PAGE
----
Farmer’s Movement At A Crucial Juncture

Written by Rahul Singh Rana and Sandeep Pandey

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The Farmers’ protests are into their fourth month now. These protests started with people from Punjab and Haryana breaking barricades and heading towards the Indian capital. As expected, these protesting farmers were met with force at several places. Undeterred by the challenging circumstances, the farmers were able to reach at the borders of Delhi. Though they wanted to go and protest at the Boat Club, the unwilling and uninterested government ordered the Delhi police to stop them at the Singhu border, the demarcation between Haryana and Delhi. Back then, the government must have thought that these are a handful of protesting farmers, who have been ‘misled’ by a few political parties. They were unaware of the strong resolve each of the participating farmer was carrying. Since then, the movement has only grown and multiplied.

Many instances were concocted, many fables were told to delegitimize the entire movement and label the participants as ‘Khalistanis’ and ‘anti-nationals.’ These labels only strengthened the movement. Punjabis and Haryanvis, who are well recognized for their participation in the Indian army and are sworn to protect the motherland could not take this insult and came out in more numbers to break the notions that labeled the protestors as the ones who are ‘misled’ or are from a particular political outfit. The protests were now no longer limited to Singhu border, but grew by the night to Tikri border and Ghazipur border. Farmers from U.P., Rajasthan, Uttrakhand, M.P. started to pour in numbers to register their protest.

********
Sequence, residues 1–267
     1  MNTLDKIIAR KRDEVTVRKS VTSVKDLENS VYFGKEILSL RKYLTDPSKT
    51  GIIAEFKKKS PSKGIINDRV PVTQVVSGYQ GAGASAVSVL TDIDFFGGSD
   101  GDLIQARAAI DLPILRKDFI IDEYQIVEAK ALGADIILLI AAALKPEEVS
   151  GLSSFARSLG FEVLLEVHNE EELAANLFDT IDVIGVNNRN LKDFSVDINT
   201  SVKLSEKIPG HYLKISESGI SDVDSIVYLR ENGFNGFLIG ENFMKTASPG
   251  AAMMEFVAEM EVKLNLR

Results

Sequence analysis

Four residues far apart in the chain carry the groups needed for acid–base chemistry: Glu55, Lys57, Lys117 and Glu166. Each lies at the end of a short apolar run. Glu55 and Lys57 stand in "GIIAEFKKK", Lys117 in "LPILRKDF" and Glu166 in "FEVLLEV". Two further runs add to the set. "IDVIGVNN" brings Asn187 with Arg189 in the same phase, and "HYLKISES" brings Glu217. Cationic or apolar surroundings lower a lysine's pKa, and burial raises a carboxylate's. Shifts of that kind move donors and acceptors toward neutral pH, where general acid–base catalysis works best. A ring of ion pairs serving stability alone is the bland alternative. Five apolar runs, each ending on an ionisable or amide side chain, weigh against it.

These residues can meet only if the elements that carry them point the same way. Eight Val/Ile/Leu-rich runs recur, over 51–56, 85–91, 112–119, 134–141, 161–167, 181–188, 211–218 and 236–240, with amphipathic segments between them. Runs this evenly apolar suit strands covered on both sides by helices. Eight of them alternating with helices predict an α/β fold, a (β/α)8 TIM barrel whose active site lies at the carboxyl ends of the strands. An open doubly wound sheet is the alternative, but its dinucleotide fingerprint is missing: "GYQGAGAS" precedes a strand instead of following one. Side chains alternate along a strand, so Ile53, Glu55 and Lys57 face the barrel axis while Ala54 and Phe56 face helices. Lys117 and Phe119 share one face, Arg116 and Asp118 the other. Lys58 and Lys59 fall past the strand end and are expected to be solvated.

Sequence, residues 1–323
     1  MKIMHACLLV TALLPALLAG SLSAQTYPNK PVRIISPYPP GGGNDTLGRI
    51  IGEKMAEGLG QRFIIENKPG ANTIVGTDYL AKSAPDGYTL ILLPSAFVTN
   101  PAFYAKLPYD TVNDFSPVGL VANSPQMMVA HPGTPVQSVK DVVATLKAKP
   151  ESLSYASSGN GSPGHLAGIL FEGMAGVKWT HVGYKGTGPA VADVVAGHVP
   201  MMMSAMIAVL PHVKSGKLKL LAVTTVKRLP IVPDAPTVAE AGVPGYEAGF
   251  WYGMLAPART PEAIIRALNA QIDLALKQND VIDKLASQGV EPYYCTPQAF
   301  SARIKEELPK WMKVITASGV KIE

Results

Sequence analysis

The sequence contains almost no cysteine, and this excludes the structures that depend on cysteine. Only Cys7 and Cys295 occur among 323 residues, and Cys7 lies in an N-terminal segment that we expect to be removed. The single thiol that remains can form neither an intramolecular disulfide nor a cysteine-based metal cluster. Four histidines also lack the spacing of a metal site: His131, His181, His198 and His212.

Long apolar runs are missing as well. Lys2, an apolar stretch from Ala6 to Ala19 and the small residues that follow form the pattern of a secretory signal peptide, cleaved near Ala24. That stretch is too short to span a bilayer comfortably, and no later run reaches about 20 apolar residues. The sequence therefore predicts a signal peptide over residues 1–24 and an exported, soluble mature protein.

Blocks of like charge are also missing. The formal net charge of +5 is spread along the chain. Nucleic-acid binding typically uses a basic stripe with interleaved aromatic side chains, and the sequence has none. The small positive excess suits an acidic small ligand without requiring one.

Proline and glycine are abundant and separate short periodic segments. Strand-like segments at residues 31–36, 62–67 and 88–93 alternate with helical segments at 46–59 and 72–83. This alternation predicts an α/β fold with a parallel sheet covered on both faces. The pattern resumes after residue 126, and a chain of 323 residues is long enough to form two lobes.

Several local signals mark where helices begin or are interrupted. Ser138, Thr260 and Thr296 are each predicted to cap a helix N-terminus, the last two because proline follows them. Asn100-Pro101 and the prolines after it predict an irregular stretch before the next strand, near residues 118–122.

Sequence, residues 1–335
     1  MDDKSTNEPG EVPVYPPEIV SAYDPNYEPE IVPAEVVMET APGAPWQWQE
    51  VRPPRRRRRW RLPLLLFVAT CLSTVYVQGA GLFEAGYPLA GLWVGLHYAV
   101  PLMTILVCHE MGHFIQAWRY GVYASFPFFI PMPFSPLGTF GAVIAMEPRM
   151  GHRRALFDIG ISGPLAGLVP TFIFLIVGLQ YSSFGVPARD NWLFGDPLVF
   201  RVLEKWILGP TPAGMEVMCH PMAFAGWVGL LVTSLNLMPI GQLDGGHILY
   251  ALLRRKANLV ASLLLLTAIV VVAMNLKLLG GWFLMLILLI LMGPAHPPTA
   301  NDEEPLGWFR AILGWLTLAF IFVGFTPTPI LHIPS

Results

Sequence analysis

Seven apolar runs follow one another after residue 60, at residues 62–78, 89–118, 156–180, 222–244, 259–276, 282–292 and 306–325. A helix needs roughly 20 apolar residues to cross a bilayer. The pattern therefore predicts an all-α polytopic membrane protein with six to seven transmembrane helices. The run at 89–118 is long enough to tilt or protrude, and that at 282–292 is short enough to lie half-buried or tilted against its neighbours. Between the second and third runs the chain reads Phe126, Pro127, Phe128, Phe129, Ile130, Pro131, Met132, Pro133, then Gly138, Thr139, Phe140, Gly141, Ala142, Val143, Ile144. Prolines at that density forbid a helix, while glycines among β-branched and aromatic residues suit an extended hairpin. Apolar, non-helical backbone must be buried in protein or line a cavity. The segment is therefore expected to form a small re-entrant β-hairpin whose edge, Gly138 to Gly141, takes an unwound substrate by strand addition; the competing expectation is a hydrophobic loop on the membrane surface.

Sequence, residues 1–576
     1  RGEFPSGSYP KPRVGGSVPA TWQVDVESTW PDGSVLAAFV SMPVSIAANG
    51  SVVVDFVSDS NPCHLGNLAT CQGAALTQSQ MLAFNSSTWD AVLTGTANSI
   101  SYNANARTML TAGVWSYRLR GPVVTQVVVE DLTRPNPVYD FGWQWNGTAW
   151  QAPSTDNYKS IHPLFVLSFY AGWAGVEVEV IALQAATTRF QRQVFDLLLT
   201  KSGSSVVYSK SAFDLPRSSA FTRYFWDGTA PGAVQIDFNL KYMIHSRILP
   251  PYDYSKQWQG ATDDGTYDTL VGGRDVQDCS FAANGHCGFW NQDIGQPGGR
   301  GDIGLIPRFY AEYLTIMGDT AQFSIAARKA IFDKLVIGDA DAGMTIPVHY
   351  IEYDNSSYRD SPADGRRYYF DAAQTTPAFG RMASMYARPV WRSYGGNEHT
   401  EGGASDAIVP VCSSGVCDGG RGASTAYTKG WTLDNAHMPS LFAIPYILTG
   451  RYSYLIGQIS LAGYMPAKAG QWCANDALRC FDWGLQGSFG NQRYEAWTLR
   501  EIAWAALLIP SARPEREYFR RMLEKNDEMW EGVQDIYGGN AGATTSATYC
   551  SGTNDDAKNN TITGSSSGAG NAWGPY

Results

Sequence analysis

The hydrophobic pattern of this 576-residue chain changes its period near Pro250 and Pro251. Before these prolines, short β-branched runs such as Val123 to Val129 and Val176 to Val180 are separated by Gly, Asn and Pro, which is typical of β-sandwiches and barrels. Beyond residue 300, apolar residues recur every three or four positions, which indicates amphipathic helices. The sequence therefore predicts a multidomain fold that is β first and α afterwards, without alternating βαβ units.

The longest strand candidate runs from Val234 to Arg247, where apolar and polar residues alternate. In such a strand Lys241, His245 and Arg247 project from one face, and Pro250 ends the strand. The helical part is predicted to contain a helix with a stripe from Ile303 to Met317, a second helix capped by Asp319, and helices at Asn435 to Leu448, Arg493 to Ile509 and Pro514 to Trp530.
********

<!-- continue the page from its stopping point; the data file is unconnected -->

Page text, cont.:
The failure of this government in handling these protests can be seen from multiple lenses. The Narendra Modi government has abjectly failed in conveying its intentions behind these three farm laws. These laws were brought in through an ordinance when the parliament was not in session. Furthermore, the manner in which these laws were passed in the Rajya Sabha were sufficient to raise eyebrows. The stakeholders, who the Narendra Modi government claims will benefit from these three laws were not participants to the discussions when these laws were being framed. This government is in a habit of taking the wrong steps first and later concocting false narratives or completely ignoring the ill-effects of its steps in the past. An appropriate example is demonetization, which was brought into force purportedly to route out black money from the system, stop terrorism, and let government make money through windfall gains that will occur because of the illegal money that will not be reported to the banks. This step put strong speed breakers to an already dwindling economy and the effects, which received a further setback due to Coronavirus lockdown, can be felt even now.